It should be clearly understood that these issues are communication related. Laws can be helpful. I don’t believe that any amount of constitutional amendments or introduction of the death penalty can prevent “passion killings” or gender-based violence. I still need to be convinced on how amending the law not grant bail to suspects and introducing the death penalty will prevent the carnage. In my view, death penalty is a punitive measure, meaning you are executing a person who has already committed a crime, not preventing them from committing a crime. History has taught us that some men kill their women and themselves too. So how then will death penalty assist in this instance? Are you going to execute a corpse or somebody who has already committed suicide? And by the way, who will be so experimental and adventurous with their lives that they would kill/stab their partners to death and wait for them to be executed before committing suicide? Simply put, having a death penalty in place means that you are just seating comfortably waiting for people to kill so that you kill them too (or even waiting for more people to kill so that you kill many too); but you are not doing anything to prevent them from killing in the first place. If people continue to kill and commit suicide as is the case in numerous instances of “passion was killing”, what are you going to do with your death penalty? The death penalty will be of no use in my view.
Or are you going to say that; well, so and so is suspected to be planning to shoot/stab his girlfriend, let’s execute him before killing the girlfriend? And again, bail is only granted to those who are suspects (or killers) being trailed in the courts, meaning they have already committed the crime anyways. I am again not convinced as to how not granting bail to suspects in these cases will reduce the killings as it is. It is just like saying, let them kill as they want, when they come to court, we will show them that there is no bail for them, ridiculous right? Are we really convinced that these people who are also ready to kill themselves are going to be deterred by a prison sentence? Well, I don’t think that these people commit “passion killing” thinking of bail, prison or what the constitution says. And this is where I think we are getting it wrong. These men have a problem of expressing their rage in these circumstances only through violence/killing. What we need to do is teach them another way of expressing their rage without resorting to killings. Education is important, and then you will see good results. The death penalty, constitutional amendments or prison is not going to teach them, but vigorous awareness campaigns will.

Way Forward
These killings emanate from a certain mentality harboured by some men. As I alluded to earlier, we need to devise effective ways to get to the mind of men before violence escapes their mind to reality. Do we only want to punish offenders or prevent these barbaric killings in the first place? I think we are mixing up the two and getting confused. There is a difference between harshly punishing offenders and preventing people from becoming offenders. The problem we are faced with is not a granting of a bail problem or constitutional problem; it is a problem of some men who cannot express rage to their women via communication without being violent, and instead get engulfed by anger. It is a problem of some men who are unable to overcome their anger. Importantly, it is a challenge of lack of emotional intelligence in some men who cannot handle interpersonal communication with their female partners when they very angry under the circumstances explained hereinabove.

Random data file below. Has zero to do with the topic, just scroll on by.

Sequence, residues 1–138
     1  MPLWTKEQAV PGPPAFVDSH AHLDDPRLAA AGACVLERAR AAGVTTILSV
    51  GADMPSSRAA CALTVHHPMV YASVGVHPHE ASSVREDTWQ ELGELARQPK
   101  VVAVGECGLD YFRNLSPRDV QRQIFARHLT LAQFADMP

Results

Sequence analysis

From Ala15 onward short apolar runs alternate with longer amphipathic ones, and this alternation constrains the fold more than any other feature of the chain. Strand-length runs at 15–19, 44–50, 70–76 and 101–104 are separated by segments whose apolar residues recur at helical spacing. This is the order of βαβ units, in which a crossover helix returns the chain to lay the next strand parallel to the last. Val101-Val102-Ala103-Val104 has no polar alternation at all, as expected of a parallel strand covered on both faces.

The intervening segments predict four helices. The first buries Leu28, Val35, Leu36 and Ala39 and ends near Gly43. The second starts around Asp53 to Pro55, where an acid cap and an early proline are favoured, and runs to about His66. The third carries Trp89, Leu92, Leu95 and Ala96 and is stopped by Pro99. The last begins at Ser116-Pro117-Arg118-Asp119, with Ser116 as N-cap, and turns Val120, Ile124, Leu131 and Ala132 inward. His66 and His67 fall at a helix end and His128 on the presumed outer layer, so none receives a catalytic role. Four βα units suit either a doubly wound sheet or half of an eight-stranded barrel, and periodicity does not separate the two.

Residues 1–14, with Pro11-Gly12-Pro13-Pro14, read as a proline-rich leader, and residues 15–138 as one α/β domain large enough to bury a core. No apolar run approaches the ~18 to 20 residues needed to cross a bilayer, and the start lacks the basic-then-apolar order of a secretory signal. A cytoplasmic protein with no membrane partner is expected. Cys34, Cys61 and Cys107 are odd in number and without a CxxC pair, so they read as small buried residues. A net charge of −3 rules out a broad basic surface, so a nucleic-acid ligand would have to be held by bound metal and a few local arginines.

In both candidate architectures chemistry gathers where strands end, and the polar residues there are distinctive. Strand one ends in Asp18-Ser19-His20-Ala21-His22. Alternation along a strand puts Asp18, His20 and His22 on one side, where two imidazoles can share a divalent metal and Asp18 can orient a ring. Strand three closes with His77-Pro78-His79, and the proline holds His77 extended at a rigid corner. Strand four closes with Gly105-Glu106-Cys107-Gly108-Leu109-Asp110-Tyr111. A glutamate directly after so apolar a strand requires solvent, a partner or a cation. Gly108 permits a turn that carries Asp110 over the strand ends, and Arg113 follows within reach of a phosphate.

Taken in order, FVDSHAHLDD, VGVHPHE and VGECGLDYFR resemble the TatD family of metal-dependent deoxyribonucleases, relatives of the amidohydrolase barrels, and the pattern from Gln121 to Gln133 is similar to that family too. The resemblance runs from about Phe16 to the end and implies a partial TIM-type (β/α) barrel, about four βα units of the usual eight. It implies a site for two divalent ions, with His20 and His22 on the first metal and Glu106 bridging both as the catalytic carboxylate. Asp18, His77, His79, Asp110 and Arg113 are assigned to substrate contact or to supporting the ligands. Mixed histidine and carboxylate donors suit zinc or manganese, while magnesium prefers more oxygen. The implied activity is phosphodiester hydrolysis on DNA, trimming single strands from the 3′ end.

To solve this problem, we need to think inside the box before running to the constitution, court or police. If anything, I don’t think these men kill their women simply because they want to kill; I think they lack the capacity to express their rage by communicating, because by killing we are all convinced that they are expressing their rage. They need to be assisted on appropriate ways of expressing rage to their women in all circumstances. I think they just become victims of poor or lack of emotional intelligence in those difficult situations which they are not equipped to bear the brunt of. We need to start here by equipping them. How do we boost or even plant emotional intelligence capabilities in Namibian men for them to be emotionally sound? The best place to do that is not the constitution or courts, it is their minds.
In previous years, NAMPOL had a very wonderful initiative of “TALK DON’T SHOOT”. This was a brilliant idea because it attempted to get to the mind of men before violence escapes it to reality in form of “passion killings”. It really tried to teach men how to express their rage by way of communication and not by simply killing/shoot. This awareness initiative was targeting the real problem by educating men to learn emotional intelligence and equip them with better interpersonal communication skills, for them to be able to solve problems in their relationships and shun “passion killings”. This campaign was a very smart and targeted imitative, a step in the right direction that in my view needs to be urgently revived and vigorously pursued. There is a need to involve social workers and communication experts and other professionals in public awareness campaigns such as “TALK DON’T SHOOT”. Awareness campaigns of this nature should really aim to educate Namibian men about emotional intelligence and interpersonal communication under very difficult circumstances such infidelity and break-ups in their romantic relationships.
Above all, and as the First Lady said, Namibian men should learn to practice forgiveness, tolerance and respect women.